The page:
Deconstructing The Hero In Watchmen

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Bradford Wright described Watchmen as "Moore's obituary for the concept of heroes in general and superheroes in particular."[17] Putting the story in a contemporary sociological context, Wright wrote that the characters of Watchmen were Moore's "admonition to those who trusted in 'heroes' and leaders to guard the world's fate." He added that to place faith in such icons was to give up personal responsibility to "the Reagans, Thatchers, and other 'Watchmen' of the world who supposed to 'rescue' us and perhaps lay waste to the planet in the process".[37] Moore specifically stated in 1986 that he was writing Watchmen to be "not anti-Americanism, [but] anti-Reaganism," specifically believing that "at the moment a certain part of Reagan's America…show more content…
Citing Watchmen as the point where the comic book medium "came of age", Iain Thomson wrote in his essay "Deconstructing the Hero" that the story accomplished this by "developing its heroes precisely in order to deconstruct the very idea of the hero and so encouraging us to reflect upon its significance from the many different angles of the shards left lying on the ground".[38] Thomson stated that the heroes in Watchmen almost all share a nihilistic outlook, and that Moore presents this outlook "as the simple, unvarnished truth" to "deconstruct the would-be hero's ultimate motivation, namely, to provide a secular salvation and so attain a mortal immortality".[39] He wrote that the story "develops its heroes precisely in order to ask us if we would not in fact be better off without heroes".[40] Thomson added that the story's deconstruction of the hero concept "suggests that perhaps the time for heroes has passed", which he feels distinguishes "this postmodern work" from the deconstructions of the hero in the existentialism movement.[41] Richard Reynolds states that without any supervillains in the story, the superheroes of Watchmen are forced to confront "more intangible social and moral concerns", adding that this removes the superhero concept from the normal narrative expectations of the genre.[42] Reynolds concludes that the series' ironic self awareness of the genre "all mark out Watchmen either as the last key superhero text, or the first in a new maturity of the…show more content…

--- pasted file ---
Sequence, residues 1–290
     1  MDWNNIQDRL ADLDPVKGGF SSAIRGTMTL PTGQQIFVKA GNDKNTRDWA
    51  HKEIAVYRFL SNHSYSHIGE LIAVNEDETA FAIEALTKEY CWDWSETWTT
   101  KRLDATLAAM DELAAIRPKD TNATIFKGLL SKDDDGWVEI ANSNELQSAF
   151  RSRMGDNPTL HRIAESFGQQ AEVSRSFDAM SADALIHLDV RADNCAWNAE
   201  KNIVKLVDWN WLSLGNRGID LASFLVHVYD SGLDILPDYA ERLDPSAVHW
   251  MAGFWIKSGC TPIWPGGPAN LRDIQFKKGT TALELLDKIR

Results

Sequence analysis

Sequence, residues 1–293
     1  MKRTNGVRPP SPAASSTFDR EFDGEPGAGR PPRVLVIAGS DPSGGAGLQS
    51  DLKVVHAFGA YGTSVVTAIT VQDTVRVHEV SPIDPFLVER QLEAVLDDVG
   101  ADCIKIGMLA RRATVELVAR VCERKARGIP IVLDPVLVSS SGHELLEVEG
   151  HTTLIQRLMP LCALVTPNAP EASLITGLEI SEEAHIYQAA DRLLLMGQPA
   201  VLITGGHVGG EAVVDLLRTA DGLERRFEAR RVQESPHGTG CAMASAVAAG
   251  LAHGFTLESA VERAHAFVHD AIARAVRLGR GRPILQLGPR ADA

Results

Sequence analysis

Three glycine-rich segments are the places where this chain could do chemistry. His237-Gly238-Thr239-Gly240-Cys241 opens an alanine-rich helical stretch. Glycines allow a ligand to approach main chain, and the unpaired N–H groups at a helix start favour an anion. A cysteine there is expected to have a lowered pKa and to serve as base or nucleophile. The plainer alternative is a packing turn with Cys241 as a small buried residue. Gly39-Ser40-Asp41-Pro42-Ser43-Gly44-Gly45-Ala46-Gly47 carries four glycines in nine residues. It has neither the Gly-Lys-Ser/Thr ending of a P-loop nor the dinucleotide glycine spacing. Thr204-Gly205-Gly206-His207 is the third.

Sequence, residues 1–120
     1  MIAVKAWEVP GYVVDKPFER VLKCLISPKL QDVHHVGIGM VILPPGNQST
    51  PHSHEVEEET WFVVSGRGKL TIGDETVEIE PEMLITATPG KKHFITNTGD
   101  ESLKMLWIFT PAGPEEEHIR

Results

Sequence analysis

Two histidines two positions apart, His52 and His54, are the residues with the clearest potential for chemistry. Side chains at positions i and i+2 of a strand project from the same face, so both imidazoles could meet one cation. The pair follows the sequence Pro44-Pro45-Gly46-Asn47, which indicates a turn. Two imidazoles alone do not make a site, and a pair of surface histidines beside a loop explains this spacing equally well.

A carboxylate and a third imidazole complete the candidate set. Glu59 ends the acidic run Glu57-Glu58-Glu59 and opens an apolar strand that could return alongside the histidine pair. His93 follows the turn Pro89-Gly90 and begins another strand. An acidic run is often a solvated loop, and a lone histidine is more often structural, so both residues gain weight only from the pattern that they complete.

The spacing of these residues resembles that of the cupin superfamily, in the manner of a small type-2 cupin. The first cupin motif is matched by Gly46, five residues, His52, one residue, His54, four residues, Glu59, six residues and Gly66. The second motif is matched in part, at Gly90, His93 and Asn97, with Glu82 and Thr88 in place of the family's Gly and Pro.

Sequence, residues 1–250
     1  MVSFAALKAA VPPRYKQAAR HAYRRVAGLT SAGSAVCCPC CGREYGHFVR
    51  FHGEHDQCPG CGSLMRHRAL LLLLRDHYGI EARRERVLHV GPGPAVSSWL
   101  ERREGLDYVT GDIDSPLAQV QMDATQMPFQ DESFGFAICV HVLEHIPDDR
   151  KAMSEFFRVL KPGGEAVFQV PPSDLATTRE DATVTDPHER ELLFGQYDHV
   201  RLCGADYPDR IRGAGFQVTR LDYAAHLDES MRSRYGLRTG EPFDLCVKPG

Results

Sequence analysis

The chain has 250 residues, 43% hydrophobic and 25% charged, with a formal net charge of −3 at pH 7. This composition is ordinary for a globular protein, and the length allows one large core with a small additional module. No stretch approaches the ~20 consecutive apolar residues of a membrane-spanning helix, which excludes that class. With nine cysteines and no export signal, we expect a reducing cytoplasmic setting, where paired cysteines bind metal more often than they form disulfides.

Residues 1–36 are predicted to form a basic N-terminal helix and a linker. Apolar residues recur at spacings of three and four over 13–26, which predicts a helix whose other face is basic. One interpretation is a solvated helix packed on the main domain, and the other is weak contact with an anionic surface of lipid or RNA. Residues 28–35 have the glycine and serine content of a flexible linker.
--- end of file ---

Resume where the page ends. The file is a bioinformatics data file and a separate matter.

of [a] new kind of comic book ... a first phase of development, the transition of the superhero from fantasy to literature."[44] He elaborates by noting that "Alan Moore's realism ... performs a kenosis towards comic book history ... [which] does not ennoble and empower his characters ... Rather, it sends a wave of disruption back through superhero history ... devalue[ing] one of the basic superhero conventions by placing his masked crime fighters in a realistic world".[45] First and foremost, "Moore's exploration of the [often sexual] motives for costumed crimefighting sheds a disturbing light on past superhero stories, and forces the reader to reevaluate—to revision—every superhero in terms of Moore's kenosis—his emptying out of the tradition."[46] Klock relates the title to the quote by Juvenal to highlight the problem of controlling those who hold power and quoted repeatedly within the work itself.[47] The deconstructive nature of Watchmen is, Klock notes, played out on the page also as, "[l]ike Alan Moore's kenosis, [Veidt] must destroy, then reconstruct, in order to build 'a unity which would survive
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